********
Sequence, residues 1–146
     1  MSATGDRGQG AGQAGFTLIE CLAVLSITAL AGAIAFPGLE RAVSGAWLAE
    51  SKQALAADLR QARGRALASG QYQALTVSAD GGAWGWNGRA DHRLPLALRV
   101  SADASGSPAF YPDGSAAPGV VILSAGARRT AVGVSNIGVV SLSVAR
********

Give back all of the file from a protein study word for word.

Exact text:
Sequence, residues 1–146
     1  MSATGDRGQG AGQAGFTLIE CLAVLSITAL AGAIAFPGLE RAVSGAWLAE
    51  SKQALAADLR QARGRALASG QYQALTVSAD GGAWGWNGRA DHRLPLALRV
   101  SADASGSPAF YPDGSAAPGV VILSAGARRT AVGVSNIGVV SLSVAR